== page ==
This successful and exciting series seeks to publish the most innovative scholarship at the intersection of law, philosophy and social theory. The books published in the series are distinctive by virtue of exploring the boundaries of legal thought. The work that this series seeks to promote is marked most strongly by the drive to open up new perspectives on the relation between law and other disciplines. The series has also been unique in its commitment to international and comparative perspectives upon an increasingly global legal order. Of particular interest in a contemporary context, the series has concentrated upon the introduction and translation of continental traditions of theory and law.
Law, Literature and the Power of Reading Literalism and Photography in the Nineteenth Century
The Cabinet of Imaginary Laws
By Björn Quiring
August 01, 2022
Focusing on John Milton’s Paradise Lost , this book investigates the metaphorical identification of nature with a court of law – an old and persistent trope, haunted by ancient aporias, at the intersection of jurisprudence, philosophy and literature. In an enormous variety of texts, from the Greek ...
By Suneel Mehmi
September 29, 2021
At the intersection of law, literature and history, this book interrogates how a dominant contemporary idea of law emerged out of specific ideas of reading in the nineteenth century. Reading shapes our identities. How we read shapes who we are. Reading also shapes our conceptions of what the law is...
By Peter Goodrich, Thanos Zartaloudis
June 29, 2021
Returning to the map of the island of utopia, this book provides a contemporary, inventive, addition to the long history of legal fictions and juristic phantasms. Progressive legal and political thinking has for long lacked a positive, let alone a bold imaginary project, an account of what improved...
By Tiziano Toracca, Angela Condello
October 29, 2019
The ontology of work and the economics of value underpin the legal institution, with the existence of modern law predicated upon the subject as labourer. In contemporary Europe, labour is more than a mere economic relationship. Indeed, labour occupies a central position in human existence: since ...
By Thomas Giddens
July 25, 2019
What are the implications of comics for law? Tackling this question, On Comics and Legal Aesthetics explores the epistemological dimensions of comics and the way this once-maligned medium can help think about – and reshape – the form of law. Traversing comics, critical, and cultural legal studies, ...
By Anat Rosenberg
January 23, 2019
In Liberalizing Contracts Anat Rosenberg examines nineteenth-century liberal thought in England, as developed through, and as it developed, the concept of contract, understood as the formal legal category of binding agreement, and the relations and human practices at which it gestured, most ...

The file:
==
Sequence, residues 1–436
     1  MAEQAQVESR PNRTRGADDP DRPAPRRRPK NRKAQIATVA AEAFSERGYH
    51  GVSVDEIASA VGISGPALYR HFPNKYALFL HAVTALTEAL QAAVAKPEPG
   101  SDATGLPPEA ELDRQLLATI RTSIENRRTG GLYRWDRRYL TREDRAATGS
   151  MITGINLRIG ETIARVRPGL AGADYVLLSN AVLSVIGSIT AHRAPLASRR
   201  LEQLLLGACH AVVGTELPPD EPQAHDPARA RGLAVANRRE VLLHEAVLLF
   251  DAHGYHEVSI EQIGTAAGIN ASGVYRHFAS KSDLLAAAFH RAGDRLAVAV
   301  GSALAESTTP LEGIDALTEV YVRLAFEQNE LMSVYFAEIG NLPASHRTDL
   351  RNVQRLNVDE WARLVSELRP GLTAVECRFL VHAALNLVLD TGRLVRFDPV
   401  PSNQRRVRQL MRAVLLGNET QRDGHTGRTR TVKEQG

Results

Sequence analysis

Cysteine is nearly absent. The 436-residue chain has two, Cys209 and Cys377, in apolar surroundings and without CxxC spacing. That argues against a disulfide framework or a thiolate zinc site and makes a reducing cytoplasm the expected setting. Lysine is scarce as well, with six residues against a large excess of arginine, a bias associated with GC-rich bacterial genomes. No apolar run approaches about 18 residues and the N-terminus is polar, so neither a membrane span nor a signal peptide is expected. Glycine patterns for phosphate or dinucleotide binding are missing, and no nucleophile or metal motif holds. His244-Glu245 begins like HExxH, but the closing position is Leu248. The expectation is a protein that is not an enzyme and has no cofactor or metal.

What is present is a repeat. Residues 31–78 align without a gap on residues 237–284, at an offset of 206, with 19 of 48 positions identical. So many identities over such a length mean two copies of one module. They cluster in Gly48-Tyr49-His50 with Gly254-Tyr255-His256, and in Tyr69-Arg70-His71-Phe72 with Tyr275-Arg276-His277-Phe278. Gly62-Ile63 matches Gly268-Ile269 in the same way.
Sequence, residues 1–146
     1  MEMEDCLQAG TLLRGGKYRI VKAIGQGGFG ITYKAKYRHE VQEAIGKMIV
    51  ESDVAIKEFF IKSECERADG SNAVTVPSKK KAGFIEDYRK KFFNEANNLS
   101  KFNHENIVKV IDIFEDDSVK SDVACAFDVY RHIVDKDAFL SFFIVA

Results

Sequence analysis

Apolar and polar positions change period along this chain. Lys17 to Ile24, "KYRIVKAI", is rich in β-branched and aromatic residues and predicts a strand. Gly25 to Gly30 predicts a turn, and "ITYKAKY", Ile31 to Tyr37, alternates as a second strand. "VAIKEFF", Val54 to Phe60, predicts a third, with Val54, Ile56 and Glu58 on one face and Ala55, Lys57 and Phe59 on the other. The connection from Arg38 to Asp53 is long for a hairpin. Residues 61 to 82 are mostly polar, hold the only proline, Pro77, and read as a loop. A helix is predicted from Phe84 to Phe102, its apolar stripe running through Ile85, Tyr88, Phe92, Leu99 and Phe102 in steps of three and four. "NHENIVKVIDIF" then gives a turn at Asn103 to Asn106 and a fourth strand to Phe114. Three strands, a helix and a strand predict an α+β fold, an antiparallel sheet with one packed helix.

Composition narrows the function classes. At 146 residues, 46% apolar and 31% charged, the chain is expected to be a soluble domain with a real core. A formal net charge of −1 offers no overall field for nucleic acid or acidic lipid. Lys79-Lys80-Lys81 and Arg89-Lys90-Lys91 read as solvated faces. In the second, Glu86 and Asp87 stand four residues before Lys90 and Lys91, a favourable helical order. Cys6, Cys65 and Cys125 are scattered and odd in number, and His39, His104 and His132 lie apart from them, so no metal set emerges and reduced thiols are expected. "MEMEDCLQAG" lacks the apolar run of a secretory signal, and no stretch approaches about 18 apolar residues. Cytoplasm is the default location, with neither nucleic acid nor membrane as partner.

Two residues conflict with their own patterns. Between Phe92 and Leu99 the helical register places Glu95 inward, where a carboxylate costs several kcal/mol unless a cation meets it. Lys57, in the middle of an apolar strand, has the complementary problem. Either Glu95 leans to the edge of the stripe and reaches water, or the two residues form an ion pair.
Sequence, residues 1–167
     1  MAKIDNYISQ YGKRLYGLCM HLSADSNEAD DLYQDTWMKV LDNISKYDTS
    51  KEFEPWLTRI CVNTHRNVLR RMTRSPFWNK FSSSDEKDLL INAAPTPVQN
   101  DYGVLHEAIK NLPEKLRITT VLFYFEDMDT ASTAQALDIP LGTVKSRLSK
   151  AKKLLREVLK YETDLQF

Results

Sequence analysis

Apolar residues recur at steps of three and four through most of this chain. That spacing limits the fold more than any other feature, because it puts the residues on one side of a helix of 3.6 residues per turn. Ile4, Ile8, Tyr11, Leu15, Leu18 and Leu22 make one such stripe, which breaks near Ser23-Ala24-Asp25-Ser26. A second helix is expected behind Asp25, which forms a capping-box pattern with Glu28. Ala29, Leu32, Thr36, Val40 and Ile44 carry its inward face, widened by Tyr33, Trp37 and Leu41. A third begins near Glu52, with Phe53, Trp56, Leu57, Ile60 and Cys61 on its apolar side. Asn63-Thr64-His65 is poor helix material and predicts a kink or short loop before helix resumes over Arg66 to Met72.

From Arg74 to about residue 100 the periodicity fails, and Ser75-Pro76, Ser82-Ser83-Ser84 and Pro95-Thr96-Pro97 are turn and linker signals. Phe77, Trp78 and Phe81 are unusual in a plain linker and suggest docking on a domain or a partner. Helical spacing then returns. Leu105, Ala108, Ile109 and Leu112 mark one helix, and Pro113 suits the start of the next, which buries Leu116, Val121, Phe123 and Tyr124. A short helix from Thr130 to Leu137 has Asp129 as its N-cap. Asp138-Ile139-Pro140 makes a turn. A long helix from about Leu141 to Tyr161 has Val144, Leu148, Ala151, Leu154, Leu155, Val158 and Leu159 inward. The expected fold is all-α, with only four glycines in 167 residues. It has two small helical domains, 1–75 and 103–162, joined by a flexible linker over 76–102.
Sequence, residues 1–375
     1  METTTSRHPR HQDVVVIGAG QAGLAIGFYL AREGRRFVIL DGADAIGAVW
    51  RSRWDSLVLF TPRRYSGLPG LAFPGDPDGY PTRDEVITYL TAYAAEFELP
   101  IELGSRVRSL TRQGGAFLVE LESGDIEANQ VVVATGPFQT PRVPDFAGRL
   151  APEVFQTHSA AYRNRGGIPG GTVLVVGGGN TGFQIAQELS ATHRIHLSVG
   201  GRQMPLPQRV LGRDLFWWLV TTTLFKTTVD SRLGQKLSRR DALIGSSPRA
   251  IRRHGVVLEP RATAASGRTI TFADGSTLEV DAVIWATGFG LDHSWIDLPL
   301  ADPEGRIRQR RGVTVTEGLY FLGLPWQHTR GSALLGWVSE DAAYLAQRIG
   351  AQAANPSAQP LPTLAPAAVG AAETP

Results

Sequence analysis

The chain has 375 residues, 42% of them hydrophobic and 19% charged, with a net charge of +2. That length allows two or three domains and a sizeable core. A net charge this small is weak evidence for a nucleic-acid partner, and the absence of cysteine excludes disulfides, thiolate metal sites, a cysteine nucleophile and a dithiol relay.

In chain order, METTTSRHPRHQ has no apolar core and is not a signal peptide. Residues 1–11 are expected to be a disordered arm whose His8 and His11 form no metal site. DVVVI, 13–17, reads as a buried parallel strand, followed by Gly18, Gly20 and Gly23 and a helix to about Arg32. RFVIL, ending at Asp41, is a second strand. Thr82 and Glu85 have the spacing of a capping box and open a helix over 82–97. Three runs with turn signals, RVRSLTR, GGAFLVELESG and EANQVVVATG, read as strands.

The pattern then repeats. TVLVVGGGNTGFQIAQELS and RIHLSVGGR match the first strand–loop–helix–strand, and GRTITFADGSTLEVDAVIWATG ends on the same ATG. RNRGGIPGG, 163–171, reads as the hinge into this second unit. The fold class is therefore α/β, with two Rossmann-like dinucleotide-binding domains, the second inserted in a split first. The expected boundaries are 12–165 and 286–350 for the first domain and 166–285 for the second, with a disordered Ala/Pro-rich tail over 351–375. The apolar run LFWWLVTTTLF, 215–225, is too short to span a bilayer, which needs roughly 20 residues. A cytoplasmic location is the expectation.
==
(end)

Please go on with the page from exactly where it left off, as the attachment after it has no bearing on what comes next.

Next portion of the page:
By Pierre Legendre
October 31, 2018
In the context of our increasingly global legal order, Pierre Legendre’s God in the Mirror reconsiders the place of law within the division of existing bodies of knowledge. Navigating the texts of Ovid, Augustine, Roman jurists, medieval canon lawyers, Freud, Lacan, the notebooks of Leonardo de ...
By C.F. Black
May 11, 2018
This book offers an Indigenous supplement to the rich and growing area of visual legal scholarship. Organized around three narratives, each with an associated politico-poetic reading, the book addresses three major global issues: climate change, the trade in human body parts and bio-policing. ...
By Marco Wan
May 11, 2018
How do lawyers, judges and jurors read novels? And what is at stake when literature and law confront each other in the courtroom? Nineteenth-century England and France are remembered for their active legal prosecution of literature, and this book examines the ways in which five novels were ...
By Michele Lowrie, Susanne Lüdemann
June 07, 2017
This book pursues a strand in the history of thought – ranging from codified statutes to looser social expectations – that uses particulars, more specifically examples, to produce norms. Much intellectual history takes ancient Greece as a point of departure. But the practice of exemplarity is ...
By Daniel Hourigan
December 20, 2016
This book advocates, and develops, a critical account of the relationship between law and the largely neglected issue of ‘enjoyment’. Taking popular culture seriously – as a lived and meaningful basis for a wider understanding of law, beyond the strictures of legal institutions and professional ...
By Peter Goodrich, Valérie Hayaert
August 06, 2015
It was the classical task of legal rhetoric to make law both seen and understood. These conjoint goals came to be separated and opposed in modernity and a degree of blindness ensued. Legal reason was increasingly deemed to be a purely textual enterprise. Against this constraint and in furtherance ...